Print Story The Company of Wolves
By TheophileEscargot (Sun Dec 11, 2016 at 02:42:05 AM EST) Reading, MLP (all tags)
Reading: "The Corporation that Changed the World". Me. Links.

What I'm Reading
The Corporation that Changed the World by Nick Robins. A useful history of the East Indian Company, thankfully not a massive doorstopper but long enough to handle the essentials. Does a good job of putting things into context, comparing the company with its equivalents elsewhere in Europe and in the UK. Highlights the differences as well as the similarities with modern corporations.

Also serves as a good counterbalance to the revisionism of people like Niall Ferguson, going into some detail on the oppressive regime, and also the protectionism of the setup. At the start of companys operation Bengal was an advanced "workshop of the world", producing high quality textiles and decent pay for its weavers. "John Company" created a monopoly, systematically drove down the prices it paid and impoverished the Bengali weavers. Meanwhile British weavers were shielded behind high tariff barriers until automation gave them a competitive advantage.

As the authority of the Mughal emperors declined after weak emperors and infighting, the Company took over the state, and the extractive tax revenues it raised began to dwarf the profits from actual trade. Funnelling a share of that money to the British government meant the company kept its monopoly. The company was gradually incorporated into the British state, the Indian Mutiny accelerating the change.

One detail I didn't know was that it was Edmund Burke who opposed the company and attempted to champion the Indian cause. Meanwhile liberals like John Stuart Mill defended the company as somehow progressive. Burke attempted to prosecute the chief executive Warren Hastings in the House of Lords:

I impeach him in the name of the people of India, whose laws, rights and liberties he has subverted; whose properties he has destroyed; whose country he has laid waste and desolate.

I impeach him in the name and by virtue of those eternal laws of justice which he has violated.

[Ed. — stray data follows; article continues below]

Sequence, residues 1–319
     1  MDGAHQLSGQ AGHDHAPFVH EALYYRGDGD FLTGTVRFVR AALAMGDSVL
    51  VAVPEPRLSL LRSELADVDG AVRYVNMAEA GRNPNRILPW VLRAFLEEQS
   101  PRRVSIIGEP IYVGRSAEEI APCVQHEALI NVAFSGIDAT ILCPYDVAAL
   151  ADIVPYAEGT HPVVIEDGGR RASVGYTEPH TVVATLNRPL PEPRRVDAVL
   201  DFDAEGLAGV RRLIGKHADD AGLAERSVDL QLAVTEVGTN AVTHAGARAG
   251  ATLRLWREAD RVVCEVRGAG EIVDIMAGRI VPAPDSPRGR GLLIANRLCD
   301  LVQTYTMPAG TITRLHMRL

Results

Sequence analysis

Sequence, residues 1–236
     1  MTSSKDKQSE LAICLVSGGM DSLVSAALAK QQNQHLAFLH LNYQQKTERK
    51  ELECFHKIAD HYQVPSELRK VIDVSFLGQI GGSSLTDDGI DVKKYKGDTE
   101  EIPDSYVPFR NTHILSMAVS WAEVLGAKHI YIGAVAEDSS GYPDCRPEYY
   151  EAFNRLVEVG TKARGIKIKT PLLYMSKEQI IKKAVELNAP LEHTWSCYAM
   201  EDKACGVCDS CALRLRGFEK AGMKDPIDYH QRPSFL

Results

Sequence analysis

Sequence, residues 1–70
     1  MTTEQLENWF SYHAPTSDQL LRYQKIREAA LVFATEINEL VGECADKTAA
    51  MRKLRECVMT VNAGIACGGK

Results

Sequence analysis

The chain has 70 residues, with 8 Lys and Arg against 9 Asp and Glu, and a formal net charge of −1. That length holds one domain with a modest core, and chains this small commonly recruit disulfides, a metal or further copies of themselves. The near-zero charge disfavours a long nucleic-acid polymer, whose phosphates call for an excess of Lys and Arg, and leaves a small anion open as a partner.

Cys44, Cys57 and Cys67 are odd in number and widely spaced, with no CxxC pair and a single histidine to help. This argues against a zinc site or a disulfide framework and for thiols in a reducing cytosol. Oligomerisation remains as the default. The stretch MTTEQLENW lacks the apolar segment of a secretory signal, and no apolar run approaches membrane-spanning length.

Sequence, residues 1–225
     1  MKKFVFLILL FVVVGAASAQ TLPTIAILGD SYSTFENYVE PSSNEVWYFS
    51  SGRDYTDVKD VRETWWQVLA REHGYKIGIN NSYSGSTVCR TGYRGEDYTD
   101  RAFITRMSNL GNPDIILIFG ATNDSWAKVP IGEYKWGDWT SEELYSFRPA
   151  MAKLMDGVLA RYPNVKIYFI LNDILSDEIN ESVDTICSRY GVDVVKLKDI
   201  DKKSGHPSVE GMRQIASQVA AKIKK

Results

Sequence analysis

I impeach him in the name of human nature itself, which he has cruelly outraged, injured and oppressed, in both sexes, in every age, rank, situation, and condition of life..

Also points out that even at the time the Company was severely criticised for its exploitation and abuses, it's not just a modern interpretation.

Overall, no great revelations but a solid and worthwhile history.

Toddler was OK for a while, but is again having problems going to sleep. Really stresses me out on days when I don't have any time to myself, am just working/doing chores/doing childcare literally all day.

Took him out to a little local funfair, organised by the Freemasons oddly enough. He loved it. Went into Santa's grotto, was very shy but happy with his present.

After next Friday I'm off for Christmas. Really hoping the toddler starts sleeping, not sure I can handle all day childcare for weeks.

Work still a bit stressful as they keep raising bugs in the current release, alongside the two jobs I'm actually supposed to be doing. Annoying that I have to keep fixing stuff that's nothing to do with me.

Socioeconomics. British wages since crisis in longest slump since the 1860s . Stop calling me a 'loser' and start doing something instead.

Politics. Muslims not really trying to ban Peppa Pig. The Secret Prison Corruption Epidemic. Leavers should welcome Brussels's offer of opt-in EU citizenship for Brits. Problems with Vox. On Winning:

Twenty-first century Americans inured to wars that never end have long since forgotten that bringing such conflicts to a prompt and successful conclusion once defined the very essence of what generals were expected to do.